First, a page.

Rep. Mo Brooks slammed Trump-backed challenger Katie Britt as being dishonest as the Alabama runoff election proceeded Tuesday, pointing out that she's the only GOP candidate running in the Alabama Senate runoff who Democrats have also backed.
"We're we're moving in the right direction after Donald Trump withdrew his endorsement [from me]," Brooks, an Alabama Republican, said on Newsmax's "National Report." "The biggest challenge we've got is that the executive director of the Alabama Democratic Party and other Democrats have endorsed Katie Britt in a Republican primary and that is why [she] got 44 percent in the primary.
"You can imagine the consternation that voters in Alabama have, wondering what in the world it is that Katie Britt has told the Alabama Democratic Party to get their endorsement versus what she has told Donald Trump to get his endorsement. We suspect that there is a pretty significant conflict."
The controversy over Democrats endorsing Britt came after Wade Perry, executive director of the Alabama Democratic Party, announced he was stepping down, and responded to a message on Twitter by state Rep. Allen Farley who was supporting Britt, reports AL.com.
"[She was] super helpful in the Doug Jones thing in 2017 and showed real leadership in supporting the gas tax increase for needed infrastructure improvements," Perry had tweeted, sparking controversy from state Republicans. "I think the world of her. Most 'Dems' understand she just has to 'say' certain things."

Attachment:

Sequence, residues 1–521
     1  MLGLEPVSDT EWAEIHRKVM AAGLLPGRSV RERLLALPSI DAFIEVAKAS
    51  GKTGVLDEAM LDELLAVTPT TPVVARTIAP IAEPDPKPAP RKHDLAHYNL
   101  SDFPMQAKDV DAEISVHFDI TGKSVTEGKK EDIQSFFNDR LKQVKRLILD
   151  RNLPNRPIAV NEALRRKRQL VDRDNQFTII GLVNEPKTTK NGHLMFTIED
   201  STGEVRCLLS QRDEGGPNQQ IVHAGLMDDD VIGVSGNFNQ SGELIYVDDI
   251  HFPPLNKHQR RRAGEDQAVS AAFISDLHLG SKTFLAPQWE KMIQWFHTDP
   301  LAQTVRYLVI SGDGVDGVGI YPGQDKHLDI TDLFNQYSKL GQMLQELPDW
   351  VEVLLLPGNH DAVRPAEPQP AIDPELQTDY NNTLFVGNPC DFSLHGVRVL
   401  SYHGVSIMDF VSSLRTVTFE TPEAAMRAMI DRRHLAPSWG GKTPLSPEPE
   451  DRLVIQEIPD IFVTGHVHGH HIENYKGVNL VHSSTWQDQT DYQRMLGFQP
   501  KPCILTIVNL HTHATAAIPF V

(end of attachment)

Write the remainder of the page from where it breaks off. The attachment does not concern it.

Perry's comments were seen as being unclear and how Britt was helpful with Jones, whose campaign he had run.
But Brooks, seizing onto the tweet, told Newsmax that the recall "comes down to whether voters want a true conservative representing them in Washington, but "you're not going to get that with Katie Britt."
Brooks also questioned Britt's donations, telling the program that "you've got four people who put in $15 million to try to buy this Senate seat" for her.
"[That] is a huge sum to spend in the state of Alabama, more than ever been spent before, and we will soon find out whether you can buy the United States Senate seat in the state of Alabama," said Brooks. "If so, why bother having these elections? Just have those four people meet and they can pick our next senator is if that's the way that this election ends up going."
Sens. Ted Cruz, R-Texas, and Rand Paul, R-Ky., have been campaigning with Brooks, and he said that shows "we need a fighter in the Senate and I fit that bill."
Meanwhile, Brooks said he's undecided if he'll vote for Britt this fall in the general election if she defeats him in the runoff race.
"I have a very, very hard time supporting someone in any way, shape, or form that I know to be brazenly dishonest ... quite frankly, we've got too many people like that in the United States Congress now who say one thing on the campaign trail and then do something very, very different once they're in public office," Brooks said.
Brooks acknowledged, though, that he's in a difficult position and that he'll wait and decide about his eventual vote.
"I'm a Republican on the one hand, but I don't want the choice to be between an honest but somewhat liberal Democrat versus a dishonest RINO of a Republican, so we'll see how that plays out and I'll make my decision to cast my vote come November, as I think is in the best interests of our country," he said.
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